I believe that there are two main forces at work with this new mind-set of missionism among us. Revitalization is just another way of saying “let’s have a revival” without the hillbilly accent. “Let’s have a revival but make it mainstream!” The Lutheran Church in America was nearly wiped out by the revivalism of the mid- and late-nineteenth century. Today the anxious bench has simply been replaced by finger snapping. The weekend consultant team has replaced the camp meeting. The new measures have been replaced by the consultant’s report. The hollering, shaking, rolling, revivalist preacher has been replaced by a transformation coach.

Second, to revitalize something implies that it is dead and we must make it alive again. The Pentecostals, Baptists, and “mature” Lutheran pietists have long said that the Lutheran Church is dead, or at least a sleeping giant. I have often joked with a brother pastor that all we need do is watch Trinity Broadcasting Network to see what the newest LCMS program will be. The “Revitalization Process” that is being forced upon many faithful pastors and congregations is no joke. To measure anything other than faithfulness to Christ and his word is an affront to the gospel and is a mockery of our crucified and risen Lord.

TCN is Pentecostalism in disguise and the transformation of the LCMS is happening before our very eyes. We are being told that congregations that resound with the doctrine of justification and the historic liturgy are dead because of measurable declining membership numbers. In order to make them alive we must incorporate revivalist worship and hymnody, be more welcoming at the communion rail, blur the distinction between the office of the holy ministry and the holy and royal priesthood, and focus more on relationships and the community around us. Theology by the numbers game is a theology of law and a theology of glory. It is that plain and simple.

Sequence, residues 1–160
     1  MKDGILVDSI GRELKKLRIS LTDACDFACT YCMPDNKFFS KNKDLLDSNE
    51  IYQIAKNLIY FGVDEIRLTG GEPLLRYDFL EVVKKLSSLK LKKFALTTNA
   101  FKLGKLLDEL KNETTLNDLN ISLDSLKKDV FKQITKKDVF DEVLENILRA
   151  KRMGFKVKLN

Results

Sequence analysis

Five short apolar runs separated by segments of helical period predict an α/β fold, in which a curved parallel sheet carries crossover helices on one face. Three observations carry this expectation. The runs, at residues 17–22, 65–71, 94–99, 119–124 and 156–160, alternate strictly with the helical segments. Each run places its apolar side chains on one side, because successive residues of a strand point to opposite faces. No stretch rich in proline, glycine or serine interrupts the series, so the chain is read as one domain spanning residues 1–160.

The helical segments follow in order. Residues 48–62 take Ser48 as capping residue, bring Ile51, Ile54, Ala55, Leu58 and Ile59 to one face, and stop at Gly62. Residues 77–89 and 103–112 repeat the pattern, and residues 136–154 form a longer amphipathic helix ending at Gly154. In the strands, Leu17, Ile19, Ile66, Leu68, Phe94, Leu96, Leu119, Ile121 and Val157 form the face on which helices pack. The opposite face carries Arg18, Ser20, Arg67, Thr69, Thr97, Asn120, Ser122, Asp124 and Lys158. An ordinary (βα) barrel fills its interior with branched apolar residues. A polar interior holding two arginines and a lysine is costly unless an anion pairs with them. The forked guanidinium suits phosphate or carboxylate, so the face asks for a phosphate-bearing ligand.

If you are looking for new life in the revitalization process that flows from American revivalism, I beg you to look before you leap. You will be transformed. That much is certain. If you are promoting and forcing this “life” on supposedly dead congregations, I remind you of Christ’s words, “I know your works. You have a reputation of being alive, but you are dead” (Rv 3:1). After all, when Christ’s doctrine is attacked and those who confess it are silenced, where are you to turn? To yourself? To your own works? Your own methods? Charles Porterfield Krauth once said, “A man, or body of men, may cease to be Lutherans, but a doctrine which is Lutheran once, is Lutheran forever.” I suggest that the “revitalization process” as we know it be transformed into something Lutheran. Better yet, let it die a quick death and let us trust in what the Lord has given: preaching repentance and forgiveness of sins (Lk 24), baptizing and teaching (Mt 28), using the office of the keys (Mt 16; 18; Jn 20), and receiving his body and blood in the Sacrament of the Altar (Mt 26; 1 Cor 11). “Where there is forgiveness of sins there is also life and salvation,” the Small Catechism teaches. Indeed. Through these means of grace Jesus gives his church the Holy Spirit who is the Lord and giver of life! That same Spirit calls, gathers, enlightens, and sanctifies the whole church on earth and keeps it with Jesus Christ in the one true faith! We are not in control. The Lord Jesus is, through the work of the Spirit in his mandated means of grace. Kyrie eleison!

Rev. Clint K. Poppe
Lincoln, Nebraska



[3].         Scott Diekmann has done an excellent job of tracing the non-Lutheran origins of TCN;

[4]. and